Clearly customers expect seamless support regardless of what device or platform they are using, and that is putting pressure on support teams when their tools and processes only address applications running on a desktop.  We don’t have all the answers yet, but I hope you will make time for this webcast to learn what to expect and some tips to setting up your mobile and remote strategy. Register here: If you aren’t able to attend the live event, go ahead and register–we’ll send you a link to the OnDemand version later this week.

Cheers, and thanks for reading!

Level 1 Shrinks…Isn’t That Counterintuitive?

August 18, 2009

Someone just asked me about staffing trends for Level 1/2/3, and one of my observations is that companies strive to push more issues (and headcount) into Level or Tier 1, since these tech support engineers (TSEs) are paid less than their more experienced Level 2/3 counterparts, therefore incidents resolved at Level 1 cost less.

To prove my point, I pulled the staffing allocation for Levels 1/2/3 from the current SSPA benchmark and compared it to the 2003 figures, expecting to see the percent of employees at Level 1 growing.  Gosh darn it! I hate when the facts don’t support my story! It turns out that as a percentage of overall employees, Level 1 has actually shrunk in the last 6 years, from 46% of staff in 2003 to 40% of staff today.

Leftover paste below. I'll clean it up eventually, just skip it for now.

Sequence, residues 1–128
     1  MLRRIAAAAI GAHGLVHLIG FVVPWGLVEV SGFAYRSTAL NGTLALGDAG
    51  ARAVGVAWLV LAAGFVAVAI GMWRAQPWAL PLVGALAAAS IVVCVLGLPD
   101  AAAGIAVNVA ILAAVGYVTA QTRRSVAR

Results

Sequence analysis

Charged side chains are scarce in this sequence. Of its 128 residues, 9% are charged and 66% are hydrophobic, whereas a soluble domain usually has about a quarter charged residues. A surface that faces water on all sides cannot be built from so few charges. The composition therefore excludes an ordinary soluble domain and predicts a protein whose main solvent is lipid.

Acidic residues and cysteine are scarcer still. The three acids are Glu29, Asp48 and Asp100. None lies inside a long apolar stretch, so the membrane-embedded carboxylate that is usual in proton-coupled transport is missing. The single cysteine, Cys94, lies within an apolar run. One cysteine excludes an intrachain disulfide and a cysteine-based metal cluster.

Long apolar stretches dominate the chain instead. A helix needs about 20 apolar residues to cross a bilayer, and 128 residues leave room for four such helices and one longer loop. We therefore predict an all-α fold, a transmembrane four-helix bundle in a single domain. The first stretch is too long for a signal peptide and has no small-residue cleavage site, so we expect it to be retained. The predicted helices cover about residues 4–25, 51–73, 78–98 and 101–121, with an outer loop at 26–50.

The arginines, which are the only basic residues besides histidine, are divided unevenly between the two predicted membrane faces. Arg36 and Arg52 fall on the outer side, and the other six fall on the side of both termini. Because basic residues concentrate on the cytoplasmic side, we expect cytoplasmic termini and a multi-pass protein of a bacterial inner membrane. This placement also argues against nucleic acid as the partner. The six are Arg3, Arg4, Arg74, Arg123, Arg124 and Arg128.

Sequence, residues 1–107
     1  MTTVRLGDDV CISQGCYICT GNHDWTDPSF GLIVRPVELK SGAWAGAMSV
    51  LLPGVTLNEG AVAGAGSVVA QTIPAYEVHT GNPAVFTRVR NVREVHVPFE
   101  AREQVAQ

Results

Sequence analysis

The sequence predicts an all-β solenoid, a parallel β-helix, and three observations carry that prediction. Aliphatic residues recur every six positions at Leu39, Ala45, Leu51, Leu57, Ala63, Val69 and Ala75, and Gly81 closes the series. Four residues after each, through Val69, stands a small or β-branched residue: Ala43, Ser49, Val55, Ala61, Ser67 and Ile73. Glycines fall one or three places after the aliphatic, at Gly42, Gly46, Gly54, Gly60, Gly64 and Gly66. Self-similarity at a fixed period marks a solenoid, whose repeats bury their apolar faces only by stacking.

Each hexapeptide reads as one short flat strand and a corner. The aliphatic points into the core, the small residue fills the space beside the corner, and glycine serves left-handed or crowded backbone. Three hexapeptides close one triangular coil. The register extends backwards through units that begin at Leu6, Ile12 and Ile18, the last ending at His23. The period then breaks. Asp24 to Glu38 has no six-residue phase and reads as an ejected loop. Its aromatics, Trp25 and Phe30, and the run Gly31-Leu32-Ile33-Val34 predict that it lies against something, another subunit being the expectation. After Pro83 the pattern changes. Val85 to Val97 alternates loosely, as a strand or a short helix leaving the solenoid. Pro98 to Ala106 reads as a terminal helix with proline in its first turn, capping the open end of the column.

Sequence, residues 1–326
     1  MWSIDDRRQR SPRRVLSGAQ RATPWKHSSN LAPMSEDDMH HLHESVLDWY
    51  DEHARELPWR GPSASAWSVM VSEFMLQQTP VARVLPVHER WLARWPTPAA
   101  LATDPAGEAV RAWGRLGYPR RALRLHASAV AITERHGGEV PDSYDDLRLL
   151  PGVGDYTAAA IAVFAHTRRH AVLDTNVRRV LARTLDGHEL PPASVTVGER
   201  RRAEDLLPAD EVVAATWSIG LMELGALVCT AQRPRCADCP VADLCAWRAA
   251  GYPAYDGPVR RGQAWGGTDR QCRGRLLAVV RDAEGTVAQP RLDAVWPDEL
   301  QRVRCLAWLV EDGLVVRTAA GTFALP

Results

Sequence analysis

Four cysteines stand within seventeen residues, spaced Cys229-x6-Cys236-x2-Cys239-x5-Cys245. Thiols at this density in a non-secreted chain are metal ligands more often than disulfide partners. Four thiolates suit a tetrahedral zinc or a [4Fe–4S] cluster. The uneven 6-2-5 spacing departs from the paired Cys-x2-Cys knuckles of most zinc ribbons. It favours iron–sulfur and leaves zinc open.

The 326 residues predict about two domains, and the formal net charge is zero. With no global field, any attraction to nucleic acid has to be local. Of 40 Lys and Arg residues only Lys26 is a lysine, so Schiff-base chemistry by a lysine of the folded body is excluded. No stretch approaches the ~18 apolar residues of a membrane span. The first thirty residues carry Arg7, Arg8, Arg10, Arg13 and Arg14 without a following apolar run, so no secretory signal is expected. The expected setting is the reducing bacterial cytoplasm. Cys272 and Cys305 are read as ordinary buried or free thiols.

Tech Support Staffing Allocation by Level/Tier

Tech Support Staffing Allocation by Level/Tier

As you can see in the graphic, the numbers are very different by industry, with Consumer companies (who have less complex technology and more procedural questions) definitely leading the way with a whopping 82% of staff at Level 1.

I’m a bit taken aback by these numbers.  There is so much emphasis on tools (remote support, knowledgebases) to allow Level 1 to be more productive and avoid escalating issues to Level 2, that I really thought the reverse was happening.  What could be the reason? Off the top of my head, here are three:

  • Self-service. As self-service adoption grows, more of the easy questions never reach Level 1, so the pool of generalists answering password questions from years past are no longer necessary.